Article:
They worshipped animals and birds, as did the Egyptians of the ancient times; and the sun and the moon, as did the Assyrians. The Tagalogs worshipped a blue bird as large as the turtle dove which they called Tigmamanukin, and to which they attributed the divinity of Bathala. They worshipped the crow and called in maylupa, signifying master of the earth. They held the crocodile in the greatest veneration, and whenever they saw one in the water, they cried out in all sujection not to harm them, and sought to appease it by throwing a portion of anything they carried. There was no old tree to which they did not attribute divine honors, and it was sacrilege to even think of cutting it under any consideration. Even the very rocks, crags, reefs, and points along the rivers and seashores were adored, and sacrifices made to them. Hence, to accomplish their worships and sacrifices, they had to go to the very places where their worships and sacrifices could be effected.
The natives also adored idols, which each one inherited from his ancestors. The Visayans called these idols Diwata; the Tagalogs, anitos; and they were said to be agents of their most powerful god. Of these idols, some had jurisdiction over the mountains and open country, and permission was asked for them to go thither. Others had jurisdiction over their farms and plantations, and these were commended to them, so that they might prove fruitful. Besides praying to these gods of the plantations, the natives placed sacrificial offerings of food in their farms for the anitos to eat, in the belief that they would be given more favors. There was an anito of the sea to whom they commended their fisheries and navigations, and an anito of the house, whose favor they implored whenever an infant was born. Among their gods, they also reckoned all those who were devoured by crocodiles, or who were killed by lightning, or those who perished by the sword. They believed that the souls of these people ascended to the heavens and that they were taken by Bathala, or Laon, to serve him.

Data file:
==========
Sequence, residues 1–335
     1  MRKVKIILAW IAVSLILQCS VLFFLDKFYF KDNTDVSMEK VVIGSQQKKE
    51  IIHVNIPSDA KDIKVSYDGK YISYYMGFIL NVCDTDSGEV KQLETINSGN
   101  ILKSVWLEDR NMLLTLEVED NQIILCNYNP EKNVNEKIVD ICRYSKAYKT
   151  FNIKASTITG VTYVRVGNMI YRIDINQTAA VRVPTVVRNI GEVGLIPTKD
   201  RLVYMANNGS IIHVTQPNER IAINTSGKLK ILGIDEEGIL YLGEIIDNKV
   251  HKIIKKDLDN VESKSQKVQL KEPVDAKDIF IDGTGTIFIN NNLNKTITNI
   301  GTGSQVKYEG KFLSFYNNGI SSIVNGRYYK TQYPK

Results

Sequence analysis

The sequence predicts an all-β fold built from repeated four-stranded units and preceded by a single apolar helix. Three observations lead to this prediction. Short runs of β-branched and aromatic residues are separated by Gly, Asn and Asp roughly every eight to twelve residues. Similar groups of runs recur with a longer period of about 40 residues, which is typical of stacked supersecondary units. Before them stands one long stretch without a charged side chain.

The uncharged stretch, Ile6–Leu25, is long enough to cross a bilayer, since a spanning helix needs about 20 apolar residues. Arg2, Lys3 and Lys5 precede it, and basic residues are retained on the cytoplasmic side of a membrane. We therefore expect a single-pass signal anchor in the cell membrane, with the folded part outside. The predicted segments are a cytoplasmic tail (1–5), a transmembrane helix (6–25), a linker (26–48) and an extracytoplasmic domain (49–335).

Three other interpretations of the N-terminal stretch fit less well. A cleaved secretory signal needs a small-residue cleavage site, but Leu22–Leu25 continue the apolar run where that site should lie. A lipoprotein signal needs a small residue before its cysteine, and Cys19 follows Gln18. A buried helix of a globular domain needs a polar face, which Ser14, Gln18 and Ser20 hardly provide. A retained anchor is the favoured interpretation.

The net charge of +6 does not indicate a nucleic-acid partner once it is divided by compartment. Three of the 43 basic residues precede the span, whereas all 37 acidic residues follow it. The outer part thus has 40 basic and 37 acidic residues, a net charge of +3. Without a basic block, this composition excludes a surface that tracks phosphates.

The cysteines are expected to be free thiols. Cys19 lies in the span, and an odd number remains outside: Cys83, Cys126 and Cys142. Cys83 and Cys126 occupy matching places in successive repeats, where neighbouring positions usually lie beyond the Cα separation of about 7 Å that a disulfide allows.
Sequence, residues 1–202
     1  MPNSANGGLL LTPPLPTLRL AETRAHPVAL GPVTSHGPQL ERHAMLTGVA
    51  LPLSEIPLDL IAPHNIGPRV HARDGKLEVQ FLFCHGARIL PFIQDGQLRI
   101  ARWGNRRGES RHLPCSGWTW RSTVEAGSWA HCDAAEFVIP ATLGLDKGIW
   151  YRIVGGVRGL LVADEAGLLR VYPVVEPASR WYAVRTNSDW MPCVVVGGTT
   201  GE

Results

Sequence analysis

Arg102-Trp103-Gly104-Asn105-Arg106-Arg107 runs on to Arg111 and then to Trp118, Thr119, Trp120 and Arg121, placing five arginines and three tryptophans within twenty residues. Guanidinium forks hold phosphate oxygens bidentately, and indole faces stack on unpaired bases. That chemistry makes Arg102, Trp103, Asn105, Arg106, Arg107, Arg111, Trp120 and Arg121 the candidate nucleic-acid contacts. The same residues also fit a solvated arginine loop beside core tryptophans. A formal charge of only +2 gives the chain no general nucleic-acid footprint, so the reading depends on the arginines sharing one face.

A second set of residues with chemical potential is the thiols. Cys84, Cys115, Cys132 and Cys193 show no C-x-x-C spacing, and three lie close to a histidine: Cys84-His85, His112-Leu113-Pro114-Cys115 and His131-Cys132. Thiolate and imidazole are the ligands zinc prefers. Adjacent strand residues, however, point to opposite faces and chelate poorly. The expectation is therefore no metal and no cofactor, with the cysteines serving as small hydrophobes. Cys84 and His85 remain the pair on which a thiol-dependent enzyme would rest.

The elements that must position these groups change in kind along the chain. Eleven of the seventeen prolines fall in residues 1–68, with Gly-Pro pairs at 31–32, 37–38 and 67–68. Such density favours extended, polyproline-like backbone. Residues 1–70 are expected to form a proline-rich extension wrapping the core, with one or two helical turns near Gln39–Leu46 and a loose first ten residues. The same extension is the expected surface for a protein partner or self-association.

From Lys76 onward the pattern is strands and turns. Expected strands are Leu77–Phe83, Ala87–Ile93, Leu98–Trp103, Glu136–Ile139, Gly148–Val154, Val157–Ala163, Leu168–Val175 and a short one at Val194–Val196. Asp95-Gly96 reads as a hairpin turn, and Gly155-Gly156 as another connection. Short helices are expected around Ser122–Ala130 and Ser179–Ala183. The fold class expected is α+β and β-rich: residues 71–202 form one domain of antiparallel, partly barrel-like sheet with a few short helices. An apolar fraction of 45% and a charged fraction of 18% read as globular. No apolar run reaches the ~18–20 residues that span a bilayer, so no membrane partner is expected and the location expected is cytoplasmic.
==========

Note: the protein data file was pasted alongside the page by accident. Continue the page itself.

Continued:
g. Festivity and Punishment
The natives were fond of holding festivities. They got together frequently, making those different gatherings occasions of their rejoicings. In marriage ceremonies, at the birth of a child, at one’s birthday, on the occasion of the fourth day, the ninth day, and the one year anniversary of one’s death, they made merriment, singing and dancing native music. In all those merrymaking, they did not fail to drink the tuba, their native wine. Without this tuba, no merriment was complete.
One rare occasions, which the whole tribe attended and celebrated, was the victory over their enemies. Marching together, the people in the village sang their war songs, the Kuomintang, and danced their favorite Kutangkutang. Thereafter, in every house, there was rejoicing and all the members of the upper class were in the datu’s house for the victory celebration.
The natives inflicted severe punishments for those who perpetrated a heinous crime. A wrong act was a great offense to the community. The criminal was ostracized from the society and his act was dealt with according to the gravity of his offense. There were many examples of inflicting penalty. If the value of the thing stolen was not too much, the thief thereof was tied on the ant hill; if the stolen good was quite valuable, he was not only tied but also beaten heavily, thereby suffering much. A person committing a serious misdemeanor and did not confess was tortured. The torture system was horrible. He was immersed in water and was not lifted until he told the truth. The process was not stopped until a confession was elicited. Sometimes, he did not make a confession. Usually, on that occasion, he met his death by remaining silent. The Filipinos of old, as shown by the different instances in its old history, devise different ways and means of inflicting the penalty. This penalty usually depended upon the offense. If the crime was serious, the punishment was also serious; and if it was light, the punishment was also light.